Mr Speaker, I have not asked you to take part. I am only saying something that is of factual basis.
Now, we all agree that there is a legal basis; we also agree that the reasons and the benefits or the beneficial effects of capitation are very clear. One, it is about the sustainability of the whole scheme and the cost containment of it. It also means that you have to ensure that whereas people were just going to any facility, and a patient could go to about three facilities in a day if wished, now, once you are enrolled with one provider, you are required to go to that provider only.
After that, if you think that the provider is not satisfying your needs -- for instance, if you advertise the place as a hospital, and I enroll as a subscriber, only for me to go and meet ward-aids, and nurses taking care of me, I would “pot” as we do in the telephone business. When one provider is not doing what you expect, you go to another one.
Therefore, it would also introduce managed competition among providers in this case. It also enumerated a number of things connected with claims.
Mr Speaker, once you have a claim, and it should always be predetermined, you are helping the provider in some cases to improve upon the conditions of that facility to be able to maintain the kind of clientele coming to that provider.
Above all, it eliminates what we call fraud in the claims. It has to be human beings who come to the clinic, who get the treatment or go to the pharmacy shop of any of the providers before you can claim the money that is advanced to you. If, as I said, we do that, it will help us cut down all the expenses that were being incurred by the Scheme and are trying to break down the Scheme.
The other payment mechanisms were still available; one important fact is that, it did not affect in-patient care at all. It was provided.
There are challenges that we should talk about in the implementation. Since there has not been any benchmark practice before, it is of no doubt that in implementing it, you will face difficulties. What are the difficulties?
One of them is the fact that even though the National Health Insurance Authority (NHISA) promised to pay one week in advance of the start of the treatment, in some cases, the rural areas, they did not have bank facilities to be able to access this money. Of course, there is always a delay in making that payment.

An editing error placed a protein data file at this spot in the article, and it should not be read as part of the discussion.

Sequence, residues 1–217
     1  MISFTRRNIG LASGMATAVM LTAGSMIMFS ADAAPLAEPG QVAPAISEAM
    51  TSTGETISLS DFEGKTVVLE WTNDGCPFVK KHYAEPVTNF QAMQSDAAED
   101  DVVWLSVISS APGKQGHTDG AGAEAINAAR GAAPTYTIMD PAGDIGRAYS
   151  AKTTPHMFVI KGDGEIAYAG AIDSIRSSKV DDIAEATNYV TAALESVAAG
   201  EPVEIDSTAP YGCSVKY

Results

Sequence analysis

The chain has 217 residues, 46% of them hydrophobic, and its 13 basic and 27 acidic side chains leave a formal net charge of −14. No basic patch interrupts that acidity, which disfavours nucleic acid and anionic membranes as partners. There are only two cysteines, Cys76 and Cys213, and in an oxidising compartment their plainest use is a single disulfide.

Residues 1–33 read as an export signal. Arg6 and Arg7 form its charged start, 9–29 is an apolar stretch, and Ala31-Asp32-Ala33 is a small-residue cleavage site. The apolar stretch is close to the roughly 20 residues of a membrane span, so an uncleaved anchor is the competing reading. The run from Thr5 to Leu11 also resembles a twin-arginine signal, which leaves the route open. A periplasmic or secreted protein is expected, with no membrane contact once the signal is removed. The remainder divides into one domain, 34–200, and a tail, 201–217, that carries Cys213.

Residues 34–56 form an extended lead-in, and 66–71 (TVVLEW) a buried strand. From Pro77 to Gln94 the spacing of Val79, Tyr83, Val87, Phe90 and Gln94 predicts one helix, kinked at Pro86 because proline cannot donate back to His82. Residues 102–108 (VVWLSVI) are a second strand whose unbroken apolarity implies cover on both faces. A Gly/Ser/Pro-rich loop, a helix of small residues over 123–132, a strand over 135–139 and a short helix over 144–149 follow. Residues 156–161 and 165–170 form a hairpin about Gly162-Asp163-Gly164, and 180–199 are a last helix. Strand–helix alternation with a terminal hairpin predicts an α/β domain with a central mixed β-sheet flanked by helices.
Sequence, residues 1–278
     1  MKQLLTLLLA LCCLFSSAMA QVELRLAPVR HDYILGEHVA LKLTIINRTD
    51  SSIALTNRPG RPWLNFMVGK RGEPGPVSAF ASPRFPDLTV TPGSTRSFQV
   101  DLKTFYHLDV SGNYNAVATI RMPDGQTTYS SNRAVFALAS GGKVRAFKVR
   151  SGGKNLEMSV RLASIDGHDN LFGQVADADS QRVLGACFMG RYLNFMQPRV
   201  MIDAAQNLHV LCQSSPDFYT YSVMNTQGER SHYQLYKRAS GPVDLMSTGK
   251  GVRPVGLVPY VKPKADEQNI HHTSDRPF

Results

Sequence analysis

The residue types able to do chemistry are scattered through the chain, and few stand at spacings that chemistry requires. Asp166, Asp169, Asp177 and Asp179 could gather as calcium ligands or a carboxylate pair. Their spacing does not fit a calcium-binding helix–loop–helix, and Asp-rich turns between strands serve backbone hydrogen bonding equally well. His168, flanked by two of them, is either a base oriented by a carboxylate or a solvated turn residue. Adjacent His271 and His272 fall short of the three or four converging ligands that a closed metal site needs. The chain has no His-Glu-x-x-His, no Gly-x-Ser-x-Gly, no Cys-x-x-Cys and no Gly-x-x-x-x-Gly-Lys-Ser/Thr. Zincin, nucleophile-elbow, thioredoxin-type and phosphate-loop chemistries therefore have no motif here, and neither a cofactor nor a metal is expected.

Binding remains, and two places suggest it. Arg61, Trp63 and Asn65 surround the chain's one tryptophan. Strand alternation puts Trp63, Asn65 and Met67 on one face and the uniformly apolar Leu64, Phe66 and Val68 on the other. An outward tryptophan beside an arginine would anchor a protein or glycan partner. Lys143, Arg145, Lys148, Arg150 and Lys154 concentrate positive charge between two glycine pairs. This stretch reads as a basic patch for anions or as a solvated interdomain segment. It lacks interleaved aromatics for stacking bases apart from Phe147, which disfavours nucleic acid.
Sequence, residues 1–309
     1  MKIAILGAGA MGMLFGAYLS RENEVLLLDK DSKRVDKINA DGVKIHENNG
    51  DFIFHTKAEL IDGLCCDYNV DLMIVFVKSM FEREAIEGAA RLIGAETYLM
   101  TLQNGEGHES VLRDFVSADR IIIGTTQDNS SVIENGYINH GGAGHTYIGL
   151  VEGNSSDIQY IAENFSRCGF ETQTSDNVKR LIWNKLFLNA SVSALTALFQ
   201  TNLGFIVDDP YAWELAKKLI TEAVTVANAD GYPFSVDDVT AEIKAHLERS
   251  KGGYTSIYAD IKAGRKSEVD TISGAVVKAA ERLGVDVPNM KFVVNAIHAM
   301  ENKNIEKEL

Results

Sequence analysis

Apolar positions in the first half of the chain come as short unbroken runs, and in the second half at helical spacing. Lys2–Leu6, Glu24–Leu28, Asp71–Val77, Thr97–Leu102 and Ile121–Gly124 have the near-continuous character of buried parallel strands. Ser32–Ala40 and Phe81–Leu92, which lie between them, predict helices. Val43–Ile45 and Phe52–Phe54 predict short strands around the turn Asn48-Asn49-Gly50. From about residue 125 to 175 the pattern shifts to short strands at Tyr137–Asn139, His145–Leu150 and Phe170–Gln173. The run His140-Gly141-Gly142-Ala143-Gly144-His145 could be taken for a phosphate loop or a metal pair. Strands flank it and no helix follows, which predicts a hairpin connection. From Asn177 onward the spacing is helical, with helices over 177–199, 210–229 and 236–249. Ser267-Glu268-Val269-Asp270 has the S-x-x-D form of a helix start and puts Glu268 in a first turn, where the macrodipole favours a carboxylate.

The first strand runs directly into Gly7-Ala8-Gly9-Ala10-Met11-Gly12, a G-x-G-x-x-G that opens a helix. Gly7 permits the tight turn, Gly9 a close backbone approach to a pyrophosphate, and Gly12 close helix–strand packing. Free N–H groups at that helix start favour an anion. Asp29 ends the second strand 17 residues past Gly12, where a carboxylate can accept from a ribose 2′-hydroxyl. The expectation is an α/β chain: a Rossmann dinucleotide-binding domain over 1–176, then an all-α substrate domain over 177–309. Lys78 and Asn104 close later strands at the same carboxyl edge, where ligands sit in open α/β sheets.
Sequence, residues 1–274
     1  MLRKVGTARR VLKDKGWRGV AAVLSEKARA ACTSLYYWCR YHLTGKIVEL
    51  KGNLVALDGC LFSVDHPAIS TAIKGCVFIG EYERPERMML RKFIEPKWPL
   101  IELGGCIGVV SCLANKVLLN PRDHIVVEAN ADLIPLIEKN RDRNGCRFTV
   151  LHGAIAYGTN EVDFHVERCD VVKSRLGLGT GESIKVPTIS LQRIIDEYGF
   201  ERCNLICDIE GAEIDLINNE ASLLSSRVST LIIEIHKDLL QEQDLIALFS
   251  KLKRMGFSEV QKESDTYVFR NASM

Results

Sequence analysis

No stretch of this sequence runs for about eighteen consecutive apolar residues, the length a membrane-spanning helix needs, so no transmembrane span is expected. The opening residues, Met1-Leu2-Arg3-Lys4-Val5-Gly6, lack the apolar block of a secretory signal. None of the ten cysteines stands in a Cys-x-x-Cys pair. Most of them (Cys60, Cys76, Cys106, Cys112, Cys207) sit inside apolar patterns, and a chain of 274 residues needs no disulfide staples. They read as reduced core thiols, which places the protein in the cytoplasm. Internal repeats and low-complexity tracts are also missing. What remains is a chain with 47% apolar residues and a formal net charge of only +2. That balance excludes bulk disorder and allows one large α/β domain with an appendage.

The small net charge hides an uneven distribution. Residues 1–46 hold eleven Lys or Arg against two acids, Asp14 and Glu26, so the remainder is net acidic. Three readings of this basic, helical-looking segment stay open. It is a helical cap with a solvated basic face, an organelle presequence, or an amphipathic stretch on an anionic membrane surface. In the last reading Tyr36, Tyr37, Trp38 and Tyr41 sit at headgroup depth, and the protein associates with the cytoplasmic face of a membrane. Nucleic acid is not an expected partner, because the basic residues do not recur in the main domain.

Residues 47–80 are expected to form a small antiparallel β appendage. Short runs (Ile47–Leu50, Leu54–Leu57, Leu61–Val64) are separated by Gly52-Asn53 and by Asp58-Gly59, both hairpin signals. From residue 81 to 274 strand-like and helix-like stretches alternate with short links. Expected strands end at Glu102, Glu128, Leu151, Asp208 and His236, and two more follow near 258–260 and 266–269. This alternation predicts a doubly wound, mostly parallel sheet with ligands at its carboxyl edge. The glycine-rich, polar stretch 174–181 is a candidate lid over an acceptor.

The rate was contested by the providers and the National Health Insurance Authority has written to the providers to explain and also to re-adjust to the rates that are not totally satisfactory, but rates that they could cope with. In doing all these things, we are doing it because of the patients, the provider and the Scheme. Therefore, if there are challenges, what is important for us, is to
look at how we would resolve the problem. Should we go back? No! It has worked in other places perfectly well and we should as a country also invest in it. We are not arguing about the benefits at all. What we are arguing about, sometimes, is about the fact that it was being implemented in one region.
Mr Speaker, I can say that having all the concerns that were raised, the National Health Insurance Authority, in a number of ways, tried to visit, have discussions. Incidentally, I was also the Minister at the Ministry of Health at the time of the implementation and I had the opportunity to go to the Ashanti Region to follow up on the concerns that were coming.
I believe that the Ministry, together with the Authority, can resolve the problems.Therefore, it will be good after the review, to extend it -- as I hear or I understand, the authorities want to do that to three more regions -- Upper East, Volta and Upper West Regions.